Liberty Leading the People; Eugene Delacroix, 1830
One of the many paradoxes about our frightening culture wars is that western society, which constantly congratulates itself on being the acme of rationality and freedom, has in fact abandoned reason for emotion and freedom for coercion.
We can see this on display all around us. It’s in the baleful grip of identity politics, based on the dogma that people’s feelings trump objective truth. It’s in the witch-hunts against ideas or opinions which dissent from approved left-wing positions. It’s in the widespread following for loopy conspiracy theories, whether against the Jews or politicians said to be inflating the dangers of Covid-19 purely to seize control of people’s lives.
It’s in the widespread support for Black Lives Matter as an “anti-racist” cause, whereas it is in fact an anti-white, anti-west revolutionary movement. It’s in the widespread support for Extinction Rebellion as a campaign to “save the planet” from man-made global warming, whereas in fact there’s no reputable scientific evidence that anything is happening to the climate that diverges from warming and cooling patterns over the millennia while Extinction Rebellion is an anti-west, anti-capitalist revolutionary movement. And so on, and on.
A new series on BBC2 by Sir Simon Schama, The Romantics and Us, tells us correctly that our current trends aren’t new but have roots in the Romantic movement of the late 18th and early 19th centuries. This was a revolt against convention and authority, elevating the rights of the individual and downplaying reason in favour of emotion and sensibility.
As I wrote in my Times column today, Schama is characteristically spellbinding. Leading us on a tour of magnificent paintings, and with some wonderful readings of sublime poetry, he outlines the often remarkable ways in which the ideas of some two centuries ago sound like the signature motifs of the modern era.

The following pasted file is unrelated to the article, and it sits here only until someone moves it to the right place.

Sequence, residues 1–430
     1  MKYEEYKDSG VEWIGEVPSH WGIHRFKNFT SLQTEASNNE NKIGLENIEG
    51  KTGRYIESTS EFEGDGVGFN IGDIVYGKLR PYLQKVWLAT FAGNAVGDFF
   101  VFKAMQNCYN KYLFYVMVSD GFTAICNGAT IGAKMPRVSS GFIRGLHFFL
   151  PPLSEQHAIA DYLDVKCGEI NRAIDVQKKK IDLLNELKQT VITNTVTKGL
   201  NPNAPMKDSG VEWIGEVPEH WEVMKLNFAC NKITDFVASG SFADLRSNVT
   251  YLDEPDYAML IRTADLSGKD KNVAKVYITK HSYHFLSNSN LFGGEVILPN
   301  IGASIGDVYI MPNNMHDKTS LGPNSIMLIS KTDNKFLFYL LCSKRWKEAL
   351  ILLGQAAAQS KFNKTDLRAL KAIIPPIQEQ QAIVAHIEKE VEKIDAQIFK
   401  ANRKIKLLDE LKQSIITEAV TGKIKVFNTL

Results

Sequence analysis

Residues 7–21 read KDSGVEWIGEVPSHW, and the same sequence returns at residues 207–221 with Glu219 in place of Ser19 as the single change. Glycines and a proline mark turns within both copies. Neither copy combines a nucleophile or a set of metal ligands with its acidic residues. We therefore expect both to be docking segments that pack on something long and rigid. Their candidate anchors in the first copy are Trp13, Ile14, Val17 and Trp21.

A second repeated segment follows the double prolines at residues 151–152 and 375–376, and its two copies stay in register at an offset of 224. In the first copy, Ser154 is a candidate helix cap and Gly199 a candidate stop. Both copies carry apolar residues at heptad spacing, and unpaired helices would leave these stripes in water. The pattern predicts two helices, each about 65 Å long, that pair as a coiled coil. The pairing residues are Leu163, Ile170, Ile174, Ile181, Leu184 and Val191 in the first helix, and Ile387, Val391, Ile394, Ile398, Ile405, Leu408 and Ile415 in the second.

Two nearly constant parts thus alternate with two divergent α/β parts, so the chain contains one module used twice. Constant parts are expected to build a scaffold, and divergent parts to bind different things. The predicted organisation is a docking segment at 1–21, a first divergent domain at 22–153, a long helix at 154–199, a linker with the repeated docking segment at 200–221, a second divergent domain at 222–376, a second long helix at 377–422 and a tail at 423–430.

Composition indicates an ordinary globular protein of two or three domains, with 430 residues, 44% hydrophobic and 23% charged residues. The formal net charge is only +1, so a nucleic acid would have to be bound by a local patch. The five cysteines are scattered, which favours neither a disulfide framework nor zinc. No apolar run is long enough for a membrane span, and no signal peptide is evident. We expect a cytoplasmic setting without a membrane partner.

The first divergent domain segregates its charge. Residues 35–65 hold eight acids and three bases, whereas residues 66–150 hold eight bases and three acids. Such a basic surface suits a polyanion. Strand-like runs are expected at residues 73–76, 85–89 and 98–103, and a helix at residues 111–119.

He starts with the 1830 painting by Eugène Delacroix, Liberty Leading the People, which became the poster symbol of the 1968 student uprising in Paris. This painting depicts a woman personifying liberty leading people over a barricade while bearing aloft the Tricolour, the flag of the French Revolution where he suggests Romanticism began.
As Schama observes, the painting is suffused with the same Romantic passions for liberty, sexual equality and the rights of man that were to be championed by the Marxist soixante-huitards two centuries later. Those students covered the streets of Paris with revolutionary art, churned out by the Ecole des Beaux Arts where Delacroix had studied. A key slogan was “l’imagination au pouvoir”, or “all power to the imagination” — the Romantic belief that the world could be remade through creativity and passionate emotion.
This belief animated not just painters such as Delacroix but a galaxy of 18th and 19th century writers, poets and musicians — some of whom inspired creative artists of the sixties and still so do even today.
William Blake, for example, who used his poetry and drawings to target the industrial world’s dehumanising obedience to reason and extol in its place the dominance of passion and the imagination, inspired beat poets and rock bands in the 1960s while lines from his poems sprang up as graffiti all over London. And as Schama demonstrates, his poetry trips off the tongue even of some today’s young rap artists.